When conducting evaluation in cultures and contexts other than our own, one important principle is to avoid imposing inappropriate definitions of what outcomes should be considered valuable when defining what “success” looks like.
This classic consultant joke also teaches another lesson:
If you genuinely open your ears and eyes to the local culture and
Read the whole post –> The Friday Funny: What’s a “valuable outcome”?
What does it take for an outsider to do a community needs assessment in cultural contexts that are deeply entrenched in traditions and norms?
Read the whole post –> Culturally Competent Needs Assessment By an “Outsider”
So you’ve put out an RFP for an evaluation of a policy, program or initiative intended to serve and effect positive change in a “minority” community. All the proposals look terribly impressive, and they all include “cultural experts” on the evaluation team. How can you distinguish the proposals that show a clear understanding of what it takes to do effective and culturally responsive evaluations from those that merely pay ‘lip service’ to cultural competence?
Read the whole post –> How to spot a ‘lip service’ approach to culturally responsive evaluation (a checklist for evaluation clients)
In the previous discussion about evaluation’s intellectual silos, Jara Dean-Coffey suggested that there were generational differences within the U.S. evaluation community with respect to the “specialist culture” that has dominated the evaluation scene to date, and wondered whether this might also be true elsewhere. Jara’s reflections reminded me of something else I have observed and puzzled over: Are there forces working against the recognition of the newer, silo-spanning generation of evaluators? Are those forces counterproductive for advancing the discipline? What’s the cultural lens on all this? And what are the lessons here for rethinking who we listen to in the evaluation community and how we listen?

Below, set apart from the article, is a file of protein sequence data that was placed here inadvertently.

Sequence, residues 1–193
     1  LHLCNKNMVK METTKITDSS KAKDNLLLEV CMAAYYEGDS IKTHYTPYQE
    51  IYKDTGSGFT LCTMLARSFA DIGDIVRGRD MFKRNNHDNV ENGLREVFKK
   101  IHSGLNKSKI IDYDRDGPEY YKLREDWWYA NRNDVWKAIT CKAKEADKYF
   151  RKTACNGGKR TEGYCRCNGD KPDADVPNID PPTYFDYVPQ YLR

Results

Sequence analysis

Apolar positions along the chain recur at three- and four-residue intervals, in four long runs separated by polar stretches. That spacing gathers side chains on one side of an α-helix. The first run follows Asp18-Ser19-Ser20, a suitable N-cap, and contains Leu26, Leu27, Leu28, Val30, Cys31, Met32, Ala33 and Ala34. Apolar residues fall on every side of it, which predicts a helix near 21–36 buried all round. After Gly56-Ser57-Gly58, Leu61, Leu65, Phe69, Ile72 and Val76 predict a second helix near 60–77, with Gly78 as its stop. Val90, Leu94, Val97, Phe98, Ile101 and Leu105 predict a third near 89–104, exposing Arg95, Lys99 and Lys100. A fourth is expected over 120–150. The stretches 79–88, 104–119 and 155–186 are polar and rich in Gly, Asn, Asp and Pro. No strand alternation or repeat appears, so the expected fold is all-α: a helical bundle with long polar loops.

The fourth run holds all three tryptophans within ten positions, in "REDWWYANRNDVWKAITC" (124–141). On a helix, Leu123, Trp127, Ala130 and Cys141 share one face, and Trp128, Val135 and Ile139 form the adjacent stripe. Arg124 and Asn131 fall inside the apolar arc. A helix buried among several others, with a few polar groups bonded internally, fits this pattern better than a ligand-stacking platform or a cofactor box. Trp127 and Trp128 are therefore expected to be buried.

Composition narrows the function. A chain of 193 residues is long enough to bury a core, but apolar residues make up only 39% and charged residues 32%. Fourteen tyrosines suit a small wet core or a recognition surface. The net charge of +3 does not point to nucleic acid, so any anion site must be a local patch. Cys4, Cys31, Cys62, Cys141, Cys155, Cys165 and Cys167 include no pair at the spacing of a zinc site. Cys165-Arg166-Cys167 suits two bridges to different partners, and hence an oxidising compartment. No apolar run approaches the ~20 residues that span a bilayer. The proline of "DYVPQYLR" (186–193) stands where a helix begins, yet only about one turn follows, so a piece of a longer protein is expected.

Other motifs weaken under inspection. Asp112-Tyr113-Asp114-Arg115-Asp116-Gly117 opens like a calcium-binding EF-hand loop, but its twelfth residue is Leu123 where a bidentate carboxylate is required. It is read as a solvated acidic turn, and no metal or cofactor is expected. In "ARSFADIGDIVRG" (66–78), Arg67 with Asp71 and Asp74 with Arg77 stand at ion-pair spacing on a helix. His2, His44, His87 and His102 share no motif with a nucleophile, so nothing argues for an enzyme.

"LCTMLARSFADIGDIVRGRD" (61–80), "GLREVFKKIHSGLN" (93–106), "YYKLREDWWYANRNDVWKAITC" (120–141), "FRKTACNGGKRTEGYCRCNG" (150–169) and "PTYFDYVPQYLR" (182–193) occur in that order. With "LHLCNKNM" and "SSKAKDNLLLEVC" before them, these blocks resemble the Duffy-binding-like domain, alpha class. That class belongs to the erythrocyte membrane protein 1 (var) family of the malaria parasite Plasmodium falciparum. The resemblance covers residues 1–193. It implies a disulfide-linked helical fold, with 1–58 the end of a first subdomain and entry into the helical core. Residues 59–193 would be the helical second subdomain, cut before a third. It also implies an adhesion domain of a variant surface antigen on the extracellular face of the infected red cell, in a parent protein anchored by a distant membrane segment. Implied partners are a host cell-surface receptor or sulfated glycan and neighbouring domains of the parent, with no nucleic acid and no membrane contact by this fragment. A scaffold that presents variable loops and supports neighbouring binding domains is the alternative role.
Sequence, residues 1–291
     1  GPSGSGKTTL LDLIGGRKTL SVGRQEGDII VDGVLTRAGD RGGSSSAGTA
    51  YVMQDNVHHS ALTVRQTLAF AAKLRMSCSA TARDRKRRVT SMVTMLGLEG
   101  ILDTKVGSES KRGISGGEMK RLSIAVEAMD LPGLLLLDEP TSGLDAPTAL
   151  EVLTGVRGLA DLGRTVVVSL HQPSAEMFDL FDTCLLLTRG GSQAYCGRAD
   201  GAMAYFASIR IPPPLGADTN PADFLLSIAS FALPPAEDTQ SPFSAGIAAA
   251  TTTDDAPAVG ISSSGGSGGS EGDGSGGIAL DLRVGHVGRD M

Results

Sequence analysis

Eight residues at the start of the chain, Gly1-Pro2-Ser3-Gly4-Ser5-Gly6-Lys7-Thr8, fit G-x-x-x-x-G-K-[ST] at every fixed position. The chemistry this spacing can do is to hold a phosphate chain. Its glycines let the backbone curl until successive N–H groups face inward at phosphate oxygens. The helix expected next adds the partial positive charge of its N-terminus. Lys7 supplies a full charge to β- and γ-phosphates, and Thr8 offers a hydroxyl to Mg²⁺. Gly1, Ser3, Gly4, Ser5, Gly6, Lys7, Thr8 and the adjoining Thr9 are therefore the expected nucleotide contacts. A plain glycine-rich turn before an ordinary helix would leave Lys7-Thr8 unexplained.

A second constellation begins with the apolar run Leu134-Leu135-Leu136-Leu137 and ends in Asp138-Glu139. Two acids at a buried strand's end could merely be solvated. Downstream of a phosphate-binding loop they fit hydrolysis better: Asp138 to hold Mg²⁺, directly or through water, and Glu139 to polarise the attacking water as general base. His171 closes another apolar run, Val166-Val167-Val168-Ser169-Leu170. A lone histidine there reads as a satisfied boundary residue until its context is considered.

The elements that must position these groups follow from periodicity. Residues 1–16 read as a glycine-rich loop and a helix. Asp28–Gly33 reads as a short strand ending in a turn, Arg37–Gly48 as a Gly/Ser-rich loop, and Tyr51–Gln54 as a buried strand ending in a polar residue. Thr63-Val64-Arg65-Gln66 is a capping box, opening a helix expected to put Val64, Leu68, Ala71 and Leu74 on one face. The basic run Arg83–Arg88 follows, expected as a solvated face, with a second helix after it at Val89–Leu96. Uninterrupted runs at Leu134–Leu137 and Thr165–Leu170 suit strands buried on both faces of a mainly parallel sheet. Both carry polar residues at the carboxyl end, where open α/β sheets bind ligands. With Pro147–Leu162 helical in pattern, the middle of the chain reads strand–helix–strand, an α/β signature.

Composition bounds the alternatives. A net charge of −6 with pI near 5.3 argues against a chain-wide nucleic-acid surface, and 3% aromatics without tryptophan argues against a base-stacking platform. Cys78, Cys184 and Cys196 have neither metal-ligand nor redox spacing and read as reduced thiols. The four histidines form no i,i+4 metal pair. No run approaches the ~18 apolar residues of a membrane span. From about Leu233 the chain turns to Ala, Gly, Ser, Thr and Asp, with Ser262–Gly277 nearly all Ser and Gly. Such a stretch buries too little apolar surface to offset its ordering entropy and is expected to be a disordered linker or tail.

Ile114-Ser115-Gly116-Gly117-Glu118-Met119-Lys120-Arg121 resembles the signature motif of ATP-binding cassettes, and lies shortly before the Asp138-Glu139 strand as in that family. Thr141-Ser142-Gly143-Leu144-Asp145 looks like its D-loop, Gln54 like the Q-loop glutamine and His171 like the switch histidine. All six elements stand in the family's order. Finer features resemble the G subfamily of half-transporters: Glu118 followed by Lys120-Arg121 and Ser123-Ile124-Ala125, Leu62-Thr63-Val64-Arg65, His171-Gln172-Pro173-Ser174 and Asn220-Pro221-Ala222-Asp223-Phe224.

Read the whole post –> Rethinking “who’s worth listening to” – and how we listen to each other – in evaluation
I’m not sure I can come up with a ‘Copernican’ revolution of the scale Michael Scriven described in his previous post, but perhaps I can run an idea up the flagpole that has came as a realization or light-bulb moment for me and still seems to surprise and sometimes amaze other people I talk to and work with … There is a long-held belief that evaluations that draw explicitly evaluative conclusions are somehow diametrically opposed to or completely incompatible with culturally responsive evaluations that fully reflect and respect the cultural values and worldviews of indigenous peoples and others whose voices are often not heard.
Read the whole post –> Rethinking evaluation: Explicitly evaluative and culturally inclusive approaches